• Dogmatism
    Informational bubbles have to resist the tendency of influencing their consistency and their jargon. Different world views are as early as possible nipped by all means in the bud and are actively ignored. Repeating the contents through re-use is rewarded. Failure is defamed immediately, mostly as lack of knowledge or as lie or as fake news.
  • Internal linking
    An important function is the use of cross references within the own informational bubble. In the interest of consistency the link to opposite or other opinions is forbidden. Thus, a closed explanation system evolves that lacks openness and a discourse with other topics.
  • Filter
    The Internet insinuates complete accessibility. Therefore the net providers and the social platforms have the possibility to insert and in the meantime even the obligation to filter at any time. These filters prevent the visibility of certain web pages. Particularly countries and enterprises, which believe that they have to exercise control, can fade out undesired contents with simple measures and without being recognized immediately.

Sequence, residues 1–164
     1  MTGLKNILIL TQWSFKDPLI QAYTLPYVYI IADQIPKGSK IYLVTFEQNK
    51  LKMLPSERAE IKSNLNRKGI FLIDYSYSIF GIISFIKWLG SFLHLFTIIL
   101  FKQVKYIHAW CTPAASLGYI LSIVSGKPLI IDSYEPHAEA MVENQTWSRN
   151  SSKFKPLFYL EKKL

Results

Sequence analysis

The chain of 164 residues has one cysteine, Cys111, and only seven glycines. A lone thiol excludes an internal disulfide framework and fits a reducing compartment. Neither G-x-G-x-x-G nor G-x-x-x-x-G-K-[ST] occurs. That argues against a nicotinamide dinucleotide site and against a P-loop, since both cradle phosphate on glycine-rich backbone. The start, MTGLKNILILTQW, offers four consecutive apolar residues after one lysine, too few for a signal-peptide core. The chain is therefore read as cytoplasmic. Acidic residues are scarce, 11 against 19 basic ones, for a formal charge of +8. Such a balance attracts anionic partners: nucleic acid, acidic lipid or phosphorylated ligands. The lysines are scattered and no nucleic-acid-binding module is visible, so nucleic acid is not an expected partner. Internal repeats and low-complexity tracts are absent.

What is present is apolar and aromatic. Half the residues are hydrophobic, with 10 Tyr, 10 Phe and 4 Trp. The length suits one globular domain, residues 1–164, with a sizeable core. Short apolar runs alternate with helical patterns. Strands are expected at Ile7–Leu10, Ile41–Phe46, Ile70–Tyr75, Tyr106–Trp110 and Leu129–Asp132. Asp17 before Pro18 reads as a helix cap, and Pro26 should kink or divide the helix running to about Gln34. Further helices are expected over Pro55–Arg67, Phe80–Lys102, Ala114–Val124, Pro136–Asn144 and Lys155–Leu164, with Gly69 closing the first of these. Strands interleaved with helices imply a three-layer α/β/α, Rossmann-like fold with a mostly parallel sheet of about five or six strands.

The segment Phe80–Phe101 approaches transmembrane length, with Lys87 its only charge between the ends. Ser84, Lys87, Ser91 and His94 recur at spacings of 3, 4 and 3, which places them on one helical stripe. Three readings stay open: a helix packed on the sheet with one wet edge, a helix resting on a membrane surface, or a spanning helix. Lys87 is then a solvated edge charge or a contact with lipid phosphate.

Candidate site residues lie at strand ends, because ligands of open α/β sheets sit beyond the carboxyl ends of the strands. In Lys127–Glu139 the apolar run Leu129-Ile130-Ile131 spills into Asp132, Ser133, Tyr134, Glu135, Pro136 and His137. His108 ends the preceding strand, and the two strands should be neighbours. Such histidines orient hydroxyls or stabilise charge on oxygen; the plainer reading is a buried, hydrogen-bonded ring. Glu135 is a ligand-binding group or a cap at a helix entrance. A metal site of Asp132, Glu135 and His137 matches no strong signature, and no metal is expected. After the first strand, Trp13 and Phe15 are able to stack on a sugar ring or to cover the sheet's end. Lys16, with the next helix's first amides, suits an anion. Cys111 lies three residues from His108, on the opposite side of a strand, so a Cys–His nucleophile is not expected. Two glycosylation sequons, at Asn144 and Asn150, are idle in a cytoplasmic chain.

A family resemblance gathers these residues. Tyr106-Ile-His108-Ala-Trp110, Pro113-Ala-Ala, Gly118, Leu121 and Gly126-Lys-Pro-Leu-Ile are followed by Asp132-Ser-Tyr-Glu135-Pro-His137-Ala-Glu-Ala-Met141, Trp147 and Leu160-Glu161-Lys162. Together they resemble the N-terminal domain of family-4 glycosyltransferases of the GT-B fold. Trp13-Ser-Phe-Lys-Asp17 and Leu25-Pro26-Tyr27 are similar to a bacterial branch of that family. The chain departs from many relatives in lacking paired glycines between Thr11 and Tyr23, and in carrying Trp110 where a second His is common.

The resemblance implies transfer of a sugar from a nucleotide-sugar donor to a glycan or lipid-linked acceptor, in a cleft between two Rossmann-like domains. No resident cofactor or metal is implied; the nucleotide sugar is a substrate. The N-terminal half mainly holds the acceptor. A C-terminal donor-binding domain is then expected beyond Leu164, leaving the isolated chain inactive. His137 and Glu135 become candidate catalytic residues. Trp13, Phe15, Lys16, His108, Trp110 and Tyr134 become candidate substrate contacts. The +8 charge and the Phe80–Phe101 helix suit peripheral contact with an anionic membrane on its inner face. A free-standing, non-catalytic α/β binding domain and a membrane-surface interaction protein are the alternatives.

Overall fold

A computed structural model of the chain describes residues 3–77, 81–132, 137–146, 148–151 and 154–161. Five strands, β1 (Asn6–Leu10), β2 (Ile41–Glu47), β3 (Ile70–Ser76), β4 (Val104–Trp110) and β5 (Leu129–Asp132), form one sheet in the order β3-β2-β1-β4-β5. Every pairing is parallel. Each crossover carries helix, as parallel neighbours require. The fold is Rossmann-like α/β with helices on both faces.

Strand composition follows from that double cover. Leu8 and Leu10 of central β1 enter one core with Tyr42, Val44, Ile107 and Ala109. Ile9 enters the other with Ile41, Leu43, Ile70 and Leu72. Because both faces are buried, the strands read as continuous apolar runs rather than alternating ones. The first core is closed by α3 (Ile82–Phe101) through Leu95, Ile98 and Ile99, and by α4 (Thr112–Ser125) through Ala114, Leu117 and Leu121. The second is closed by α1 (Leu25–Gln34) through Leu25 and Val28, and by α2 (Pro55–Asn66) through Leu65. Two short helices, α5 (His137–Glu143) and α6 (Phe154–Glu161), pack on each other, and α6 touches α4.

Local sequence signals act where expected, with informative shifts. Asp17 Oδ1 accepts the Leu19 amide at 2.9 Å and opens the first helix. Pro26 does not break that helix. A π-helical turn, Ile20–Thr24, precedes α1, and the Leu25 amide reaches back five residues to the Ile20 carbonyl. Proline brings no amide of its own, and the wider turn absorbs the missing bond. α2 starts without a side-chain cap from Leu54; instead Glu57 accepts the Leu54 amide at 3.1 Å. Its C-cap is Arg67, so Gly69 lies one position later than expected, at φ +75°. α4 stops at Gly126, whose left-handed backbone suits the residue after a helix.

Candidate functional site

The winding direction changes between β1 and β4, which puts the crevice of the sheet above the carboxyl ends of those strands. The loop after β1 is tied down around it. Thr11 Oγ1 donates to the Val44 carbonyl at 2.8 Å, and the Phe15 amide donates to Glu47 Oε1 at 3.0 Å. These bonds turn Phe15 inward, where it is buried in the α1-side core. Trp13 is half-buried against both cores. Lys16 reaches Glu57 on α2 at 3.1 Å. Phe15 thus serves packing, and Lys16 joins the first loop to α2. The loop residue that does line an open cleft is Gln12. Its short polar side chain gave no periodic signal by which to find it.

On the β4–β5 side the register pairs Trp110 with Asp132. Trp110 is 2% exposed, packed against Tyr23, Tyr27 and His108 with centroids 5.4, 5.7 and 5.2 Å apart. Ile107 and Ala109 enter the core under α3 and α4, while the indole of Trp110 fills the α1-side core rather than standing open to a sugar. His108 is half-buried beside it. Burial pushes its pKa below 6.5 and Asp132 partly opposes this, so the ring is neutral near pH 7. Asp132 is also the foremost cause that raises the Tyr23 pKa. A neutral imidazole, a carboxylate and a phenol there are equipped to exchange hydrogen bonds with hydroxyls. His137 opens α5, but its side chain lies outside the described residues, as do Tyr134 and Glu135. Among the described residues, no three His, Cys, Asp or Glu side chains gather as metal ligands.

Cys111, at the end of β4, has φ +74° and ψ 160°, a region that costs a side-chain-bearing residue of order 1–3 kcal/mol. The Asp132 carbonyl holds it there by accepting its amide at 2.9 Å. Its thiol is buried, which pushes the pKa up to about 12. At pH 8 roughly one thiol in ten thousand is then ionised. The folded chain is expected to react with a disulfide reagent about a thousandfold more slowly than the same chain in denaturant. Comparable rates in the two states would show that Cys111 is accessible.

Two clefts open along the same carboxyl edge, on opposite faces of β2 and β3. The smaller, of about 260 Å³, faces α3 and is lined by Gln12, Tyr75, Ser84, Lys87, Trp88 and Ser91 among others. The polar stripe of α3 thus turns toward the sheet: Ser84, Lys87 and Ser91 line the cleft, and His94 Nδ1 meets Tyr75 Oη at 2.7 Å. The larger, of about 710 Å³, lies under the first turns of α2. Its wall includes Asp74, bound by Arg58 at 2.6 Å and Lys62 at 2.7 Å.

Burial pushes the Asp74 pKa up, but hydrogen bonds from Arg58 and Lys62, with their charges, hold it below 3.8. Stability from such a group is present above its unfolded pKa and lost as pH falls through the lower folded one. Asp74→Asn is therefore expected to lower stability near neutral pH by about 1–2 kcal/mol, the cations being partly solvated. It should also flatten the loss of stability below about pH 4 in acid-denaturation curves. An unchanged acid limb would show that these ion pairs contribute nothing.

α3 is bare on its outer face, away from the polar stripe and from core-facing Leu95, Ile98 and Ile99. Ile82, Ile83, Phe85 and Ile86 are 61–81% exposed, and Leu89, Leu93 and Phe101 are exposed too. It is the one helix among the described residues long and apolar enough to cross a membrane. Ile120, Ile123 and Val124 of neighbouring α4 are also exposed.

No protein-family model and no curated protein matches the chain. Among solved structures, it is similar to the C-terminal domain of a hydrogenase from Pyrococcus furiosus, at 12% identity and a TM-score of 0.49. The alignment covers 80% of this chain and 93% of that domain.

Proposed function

There is actually no way out of the bubble, except you have a look beyond your own nose. Additionally it needs:

  • Neutral search engines
    As long as there are overarching search engines, which can look into all informational bubbles, there is a large probability that you can look out of your own informational bubble. The problem is that one does not have any objective way of recognizing filtered contents except you get hints from other media or by word of mouth. You never know, what you don’t know.
  • General rules for filters
    In the best interest of maximum openness, rules for an open Internet should be defined. They should regulate technical blocking, the elimination of search results, the deactivation of web pages and self-censorship. In principle there are cases, in which filters are justified – pedophilia, terrorism, or the like. Unfortunately there is still no generally accepted interpretation, which web pages are to be filtered and which not.
  • Mutual tolerance
    The acceptance and connivance of other opinions is an approach, which is available for everybody, but for understandable reasons is not applied. The discussion of contrary positions would guarantee that the own approach gets more stable. Only with the appropriate tolerance, discourses become possible.

Bottom line: The informational bubble is a natural phenomenon. The common language, the necessity of consistent contents, the inherent convictions, consistent cross references and filters create an integrated approach. With neutral search engines, general rules for filters and common tolerance you can get beyond the informational bubble.